Concert Talk: The Serenity of Summer

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I think it’s fair to say that Stone Sour has completely escaped the shadow of Slipknot; they’re their own band, with a catalog of great music and a legion of die-hard fans. However, like Slipknot, they put on a killer live show. It started with ‘YSIF’ and ‘Tapei Person/Allah Tea’, one of the best songs from the brand-new Hydrograd album. From there, the guys transitioned into ‘Made Of Scars,’ followed by ‘Say You’ll Haunt Me.’

Oh, and don’t forget the f— Nickleback chant.

Epic.

From there, Corey Taylor and co ripped through ’30/30-150′ and visited both houses of gold and bones with ‘Tired’ and ‘Do Me A Favour.’ Those two songs proved to be major highlights from the ten song set.

A slower section followed, started by bassist Johny Chow proposing to his long-time girlfriend in front of a rowdy Toronto crowd. Red in the face, she said yes. ‘Song #3’ was dedicated to her, and the classic ‘Through Glass’ provided some more gentle fun. However, Stone Sour kicked it back into heavy gear for ‘Absolute Zero’ and Corey reminded us that it’s all downhill from here with ‘Fabuless.’

Overall, Stone Sour brought a ton of energy. The guitar work from Josh Rand and Christian Martucci was spot on and sounded great. Roy Mayorga’s drums were clean and punchy. And of course, Corey Taylor showed his impressive vocal range from the soft-sung lines of ‘Through Glass’ to the screamed vocals in ’30/30-150.’

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Korn took the stage with a lot to live up to. Their set, following a ten-second countdown, kicked off their set with ‘Rotting In Vain,’ ‘Did My Time,’ and ‘Here To Stay’ from 2002’s Intouchables. It was apparent right away that Korn was going to be loud and very heavy.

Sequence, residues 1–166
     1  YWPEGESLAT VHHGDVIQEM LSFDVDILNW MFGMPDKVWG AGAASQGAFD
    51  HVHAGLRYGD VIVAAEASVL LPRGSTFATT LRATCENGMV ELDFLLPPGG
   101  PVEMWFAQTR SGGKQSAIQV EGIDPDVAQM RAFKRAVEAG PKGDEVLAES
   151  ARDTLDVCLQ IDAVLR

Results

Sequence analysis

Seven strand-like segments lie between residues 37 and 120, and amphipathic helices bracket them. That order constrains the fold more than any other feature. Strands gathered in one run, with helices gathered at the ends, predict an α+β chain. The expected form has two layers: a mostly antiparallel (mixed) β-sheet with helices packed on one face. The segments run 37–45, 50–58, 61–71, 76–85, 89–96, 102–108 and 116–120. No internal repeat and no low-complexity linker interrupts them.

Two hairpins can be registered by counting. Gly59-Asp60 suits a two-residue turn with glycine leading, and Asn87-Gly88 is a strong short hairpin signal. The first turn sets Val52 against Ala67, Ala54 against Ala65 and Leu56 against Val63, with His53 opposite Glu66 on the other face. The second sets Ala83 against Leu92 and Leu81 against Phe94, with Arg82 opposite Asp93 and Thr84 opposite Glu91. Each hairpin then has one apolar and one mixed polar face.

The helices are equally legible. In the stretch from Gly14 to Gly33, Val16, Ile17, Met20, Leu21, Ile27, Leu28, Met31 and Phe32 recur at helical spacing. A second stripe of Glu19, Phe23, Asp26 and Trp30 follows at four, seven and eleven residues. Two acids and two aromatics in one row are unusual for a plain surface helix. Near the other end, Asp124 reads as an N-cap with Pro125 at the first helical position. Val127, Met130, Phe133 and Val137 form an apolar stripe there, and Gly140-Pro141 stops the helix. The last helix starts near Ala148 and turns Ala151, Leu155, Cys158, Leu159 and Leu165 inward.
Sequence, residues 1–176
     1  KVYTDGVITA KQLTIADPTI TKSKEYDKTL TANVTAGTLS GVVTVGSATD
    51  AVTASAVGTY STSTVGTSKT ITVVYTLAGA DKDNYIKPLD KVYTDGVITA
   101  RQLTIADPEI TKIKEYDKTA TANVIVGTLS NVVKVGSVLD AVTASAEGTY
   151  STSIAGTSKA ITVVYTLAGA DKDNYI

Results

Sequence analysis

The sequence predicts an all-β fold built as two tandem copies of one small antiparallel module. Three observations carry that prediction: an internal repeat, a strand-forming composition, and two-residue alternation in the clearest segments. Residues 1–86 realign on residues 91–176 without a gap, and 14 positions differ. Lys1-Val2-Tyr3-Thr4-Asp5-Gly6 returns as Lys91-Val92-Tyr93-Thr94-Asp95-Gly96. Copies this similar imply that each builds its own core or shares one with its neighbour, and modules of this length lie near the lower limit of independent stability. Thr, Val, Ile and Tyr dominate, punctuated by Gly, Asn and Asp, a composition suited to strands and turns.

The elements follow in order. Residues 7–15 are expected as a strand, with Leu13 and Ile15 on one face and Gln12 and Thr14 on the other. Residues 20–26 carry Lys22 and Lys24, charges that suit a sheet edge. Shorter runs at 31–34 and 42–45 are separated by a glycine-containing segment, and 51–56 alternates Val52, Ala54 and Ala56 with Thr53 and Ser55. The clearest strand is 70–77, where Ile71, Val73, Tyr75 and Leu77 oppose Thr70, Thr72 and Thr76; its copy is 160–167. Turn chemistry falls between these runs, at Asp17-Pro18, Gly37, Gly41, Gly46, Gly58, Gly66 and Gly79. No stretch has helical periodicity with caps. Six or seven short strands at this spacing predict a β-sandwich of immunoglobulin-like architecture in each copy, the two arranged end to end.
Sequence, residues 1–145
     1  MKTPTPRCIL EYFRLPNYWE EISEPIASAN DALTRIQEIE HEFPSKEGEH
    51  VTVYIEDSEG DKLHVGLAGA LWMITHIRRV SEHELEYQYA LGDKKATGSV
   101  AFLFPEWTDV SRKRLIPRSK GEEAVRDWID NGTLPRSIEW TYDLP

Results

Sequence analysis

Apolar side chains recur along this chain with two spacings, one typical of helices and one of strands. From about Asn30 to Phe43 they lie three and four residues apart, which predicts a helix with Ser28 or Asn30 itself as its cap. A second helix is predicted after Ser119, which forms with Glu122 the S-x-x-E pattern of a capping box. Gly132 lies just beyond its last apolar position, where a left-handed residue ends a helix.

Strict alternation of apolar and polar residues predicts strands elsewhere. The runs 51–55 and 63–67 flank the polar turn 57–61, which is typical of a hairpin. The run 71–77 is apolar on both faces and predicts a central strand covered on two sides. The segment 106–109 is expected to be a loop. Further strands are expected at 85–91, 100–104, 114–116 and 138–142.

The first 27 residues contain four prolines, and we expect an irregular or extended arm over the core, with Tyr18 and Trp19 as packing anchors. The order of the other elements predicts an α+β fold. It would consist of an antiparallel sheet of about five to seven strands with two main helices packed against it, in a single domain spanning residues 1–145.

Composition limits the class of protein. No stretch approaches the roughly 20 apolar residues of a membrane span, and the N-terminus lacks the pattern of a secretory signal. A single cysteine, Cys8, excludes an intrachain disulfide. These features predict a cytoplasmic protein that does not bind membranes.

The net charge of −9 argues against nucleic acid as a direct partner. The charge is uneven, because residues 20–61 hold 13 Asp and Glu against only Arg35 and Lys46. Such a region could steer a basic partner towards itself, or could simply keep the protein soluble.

Jonathan Davis addressed the crowd before ‘Y’all Want A Single’ instructing them to get their middle fingers up and yell “F— it!’ every once in a while. The song, a satirical stab at oppression,  proved to be a crowd-pleaser. ‘Clown’ and ‘Black Is The Soul’ led into ‘Shoots and Ladd

‘Clown’ and ‘Black Is The Soul’ led into ‘Shoots and Ladders’ which was a major standout. Davis came out with bagpipes and wailed until guitarists Head and Munky sliced through the noise with their razor-sharp guitar. The whole crowd sang the nursery rhymes with Davis.

‘Twist’ followed, to which casual fans asked: “What the hell is he saying?!”

From there, Korn performed 1998’s ‘Got The Life,’ and the very fun ‘Coming Undone’ with a brief Queen cover halfway through. ‘Insane,’ and ‘Make Me Bad,’ along with ‘A Different World’ closed out the set. The latter received a huge ovation, as Corey Taylor burst on stage and gave the fans another dose of his signature stage presence.

After a short break, Korn returned for an encore. They started with ‘4 U’ before transitioning into the legendary ‘Blind.’ That was a major highlight, as the entire crowd desperately awaited the “ARE YOU READY?” at the beginning of the song before head banging to ultra-heavy riff.

Korn closed out the show with ‘It’s On’ and (of course) ‘Freak On A Leash.’

Overall, I’d say Stone Sour stole the show. They showed more personality and seemed to engage the audience more. Korn was the headliner, but I felt like it was the other way around–and that’s no discredit to Jon Davis and the gang. They played their songs flawlessly and certainly brought a ton of energy on their own. Overall, it was a good, rowdy show.

 

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